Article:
While many of the details are wrong, I found that the most unbelievable parts of this film were true to history. There’s a very strange scene involving a bloody rag that’s more-or-less true (the receiver of the rag is not known).
The open, appalling violence in the film is hard to swallow, yet Socrates said of Alexandria, it “is more delighted with tumult than any other people: and if at any time it should find a pretext, breaks forth into the most intolerable excesses; for it never ceases from its turbulence without bloodshed.”
Hypatia’s tragic story is true and somewhat accurate. Very few details of her life is known, but the facts in Agora are true to history in the general sense,with two glaring exceptions: She was most likely around 60 when she died, and there’s no evidence that she was on the verge of any monumental discovery. The film also appears to depict her as being more-or-less without religion, yet in fact she was a pagan.
The destruction of the library is a little confusing, historically speaking. Is it supposed to be the Great Library of Alexandria, or one of the city’s smaller libraries? From the movie’s depiction it would appear to be one of the smaller cities, making it historically accurate. Unfortunately, the film’s promotional material—and director himself—may be confused, because they both refer to it as Alexandria’s Great Library. My guess would be that the film’s historical consultants were successful in straightening out the film, but not so successful in educating the filmmakers.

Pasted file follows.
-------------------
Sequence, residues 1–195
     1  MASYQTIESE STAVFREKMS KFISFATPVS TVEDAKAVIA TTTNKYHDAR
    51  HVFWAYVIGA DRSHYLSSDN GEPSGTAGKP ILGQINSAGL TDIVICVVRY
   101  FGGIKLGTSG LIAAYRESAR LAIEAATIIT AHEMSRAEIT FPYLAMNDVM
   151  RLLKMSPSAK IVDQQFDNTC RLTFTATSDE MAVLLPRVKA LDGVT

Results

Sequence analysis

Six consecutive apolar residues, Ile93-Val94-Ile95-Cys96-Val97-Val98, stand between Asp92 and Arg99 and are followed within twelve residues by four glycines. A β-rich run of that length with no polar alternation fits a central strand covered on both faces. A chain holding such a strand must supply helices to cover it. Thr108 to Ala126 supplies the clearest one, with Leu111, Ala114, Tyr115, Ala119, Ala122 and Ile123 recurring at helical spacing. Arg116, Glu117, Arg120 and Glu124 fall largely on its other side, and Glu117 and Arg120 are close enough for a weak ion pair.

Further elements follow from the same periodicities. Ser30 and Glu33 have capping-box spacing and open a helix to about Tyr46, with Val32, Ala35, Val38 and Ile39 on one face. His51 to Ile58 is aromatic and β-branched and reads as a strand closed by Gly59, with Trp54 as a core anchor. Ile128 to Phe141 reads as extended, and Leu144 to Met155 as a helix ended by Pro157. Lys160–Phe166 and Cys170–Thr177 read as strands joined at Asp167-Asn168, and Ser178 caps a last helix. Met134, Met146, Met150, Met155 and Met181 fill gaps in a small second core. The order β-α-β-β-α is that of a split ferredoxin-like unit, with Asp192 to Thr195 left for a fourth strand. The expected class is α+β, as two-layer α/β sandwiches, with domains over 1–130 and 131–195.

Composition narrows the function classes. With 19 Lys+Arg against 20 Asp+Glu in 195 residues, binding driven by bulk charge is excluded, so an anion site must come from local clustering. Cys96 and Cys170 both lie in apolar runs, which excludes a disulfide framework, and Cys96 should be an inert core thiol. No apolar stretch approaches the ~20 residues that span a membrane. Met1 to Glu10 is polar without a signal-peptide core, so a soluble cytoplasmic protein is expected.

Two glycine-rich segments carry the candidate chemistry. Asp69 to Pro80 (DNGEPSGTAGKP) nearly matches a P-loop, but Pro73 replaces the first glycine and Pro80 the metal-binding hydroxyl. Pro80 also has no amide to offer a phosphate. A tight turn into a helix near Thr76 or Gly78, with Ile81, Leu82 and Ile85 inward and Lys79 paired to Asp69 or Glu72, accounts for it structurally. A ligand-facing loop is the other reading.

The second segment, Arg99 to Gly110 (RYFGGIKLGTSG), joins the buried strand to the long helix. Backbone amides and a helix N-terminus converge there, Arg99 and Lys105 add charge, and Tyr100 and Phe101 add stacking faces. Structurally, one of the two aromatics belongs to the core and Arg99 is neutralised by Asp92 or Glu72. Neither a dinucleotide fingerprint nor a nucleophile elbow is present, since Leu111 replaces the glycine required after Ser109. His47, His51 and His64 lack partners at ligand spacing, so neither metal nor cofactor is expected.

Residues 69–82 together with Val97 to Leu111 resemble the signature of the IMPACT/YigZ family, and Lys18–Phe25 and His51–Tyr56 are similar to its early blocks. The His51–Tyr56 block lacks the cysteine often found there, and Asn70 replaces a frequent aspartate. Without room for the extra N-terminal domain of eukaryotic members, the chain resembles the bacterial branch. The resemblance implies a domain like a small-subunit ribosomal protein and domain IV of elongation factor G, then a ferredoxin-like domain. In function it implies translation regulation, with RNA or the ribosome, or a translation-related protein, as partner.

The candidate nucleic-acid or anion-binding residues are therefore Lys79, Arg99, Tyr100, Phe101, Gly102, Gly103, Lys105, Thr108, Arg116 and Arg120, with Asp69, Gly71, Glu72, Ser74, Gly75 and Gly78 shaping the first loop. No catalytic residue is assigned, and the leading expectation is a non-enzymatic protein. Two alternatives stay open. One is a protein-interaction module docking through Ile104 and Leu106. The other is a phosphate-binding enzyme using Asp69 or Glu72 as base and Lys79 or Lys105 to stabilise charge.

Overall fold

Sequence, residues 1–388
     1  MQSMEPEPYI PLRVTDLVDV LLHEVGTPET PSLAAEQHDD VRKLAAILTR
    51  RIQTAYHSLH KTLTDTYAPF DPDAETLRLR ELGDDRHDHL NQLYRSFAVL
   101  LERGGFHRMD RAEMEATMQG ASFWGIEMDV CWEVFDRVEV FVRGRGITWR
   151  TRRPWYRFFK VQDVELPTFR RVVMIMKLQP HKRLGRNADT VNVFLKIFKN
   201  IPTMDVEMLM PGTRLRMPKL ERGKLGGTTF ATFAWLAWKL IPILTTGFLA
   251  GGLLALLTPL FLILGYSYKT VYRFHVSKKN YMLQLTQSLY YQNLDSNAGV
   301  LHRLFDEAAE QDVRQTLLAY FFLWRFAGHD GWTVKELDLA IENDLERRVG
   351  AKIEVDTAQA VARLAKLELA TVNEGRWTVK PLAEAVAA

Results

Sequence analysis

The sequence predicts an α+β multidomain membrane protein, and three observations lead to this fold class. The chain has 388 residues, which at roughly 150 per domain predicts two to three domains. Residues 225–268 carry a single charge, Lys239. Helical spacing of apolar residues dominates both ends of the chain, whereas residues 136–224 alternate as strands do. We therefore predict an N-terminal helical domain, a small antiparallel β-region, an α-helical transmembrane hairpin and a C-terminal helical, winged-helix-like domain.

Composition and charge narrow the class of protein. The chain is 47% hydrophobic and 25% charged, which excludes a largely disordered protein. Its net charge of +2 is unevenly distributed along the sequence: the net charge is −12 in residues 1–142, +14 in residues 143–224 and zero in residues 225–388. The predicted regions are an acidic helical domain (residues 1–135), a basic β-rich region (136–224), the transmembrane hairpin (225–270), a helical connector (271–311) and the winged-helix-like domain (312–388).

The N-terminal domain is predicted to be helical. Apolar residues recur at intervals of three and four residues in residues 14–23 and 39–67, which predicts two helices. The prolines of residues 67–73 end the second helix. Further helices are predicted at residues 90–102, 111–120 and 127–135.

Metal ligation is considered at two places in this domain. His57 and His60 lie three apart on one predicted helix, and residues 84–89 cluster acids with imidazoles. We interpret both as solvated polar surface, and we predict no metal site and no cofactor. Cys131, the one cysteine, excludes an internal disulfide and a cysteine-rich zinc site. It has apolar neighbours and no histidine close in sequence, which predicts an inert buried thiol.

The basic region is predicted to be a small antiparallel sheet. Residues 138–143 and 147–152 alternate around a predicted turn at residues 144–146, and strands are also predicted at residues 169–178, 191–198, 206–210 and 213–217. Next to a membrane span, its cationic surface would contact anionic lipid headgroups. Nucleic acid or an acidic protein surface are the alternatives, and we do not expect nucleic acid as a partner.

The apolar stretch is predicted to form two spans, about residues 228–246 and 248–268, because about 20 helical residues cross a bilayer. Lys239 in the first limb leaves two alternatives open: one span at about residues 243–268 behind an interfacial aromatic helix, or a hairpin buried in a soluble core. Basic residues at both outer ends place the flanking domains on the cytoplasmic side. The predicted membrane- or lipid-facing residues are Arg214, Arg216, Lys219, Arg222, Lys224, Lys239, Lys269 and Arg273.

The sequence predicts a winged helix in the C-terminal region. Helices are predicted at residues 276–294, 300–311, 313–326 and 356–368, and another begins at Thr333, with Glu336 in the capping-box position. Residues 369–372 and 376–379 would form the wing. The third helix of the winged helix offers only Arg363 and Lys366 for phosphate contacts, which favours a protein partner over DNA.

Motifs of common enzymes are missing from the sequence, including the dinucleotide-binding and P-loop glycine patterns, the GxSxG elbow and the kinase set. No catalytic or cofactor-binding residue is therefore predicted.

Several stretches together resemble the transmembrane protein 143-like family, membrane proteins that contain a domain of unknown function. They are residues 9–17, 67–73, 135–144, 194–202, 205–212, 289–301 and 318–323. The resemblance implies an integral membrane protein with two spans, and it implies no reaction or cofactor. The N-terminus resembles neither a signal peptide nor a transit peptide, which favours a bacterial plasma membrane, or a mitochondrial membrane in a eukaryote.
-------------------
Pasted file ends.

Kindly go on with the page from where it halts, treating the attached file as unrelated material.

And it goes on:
Just shedding some clarity before it becomes a leaping point toward how much belief has halted scientific progress ;). I really enjoyed the movie, personally.
Zid, I haven't watched your video yet. When I do, I'll get back to you.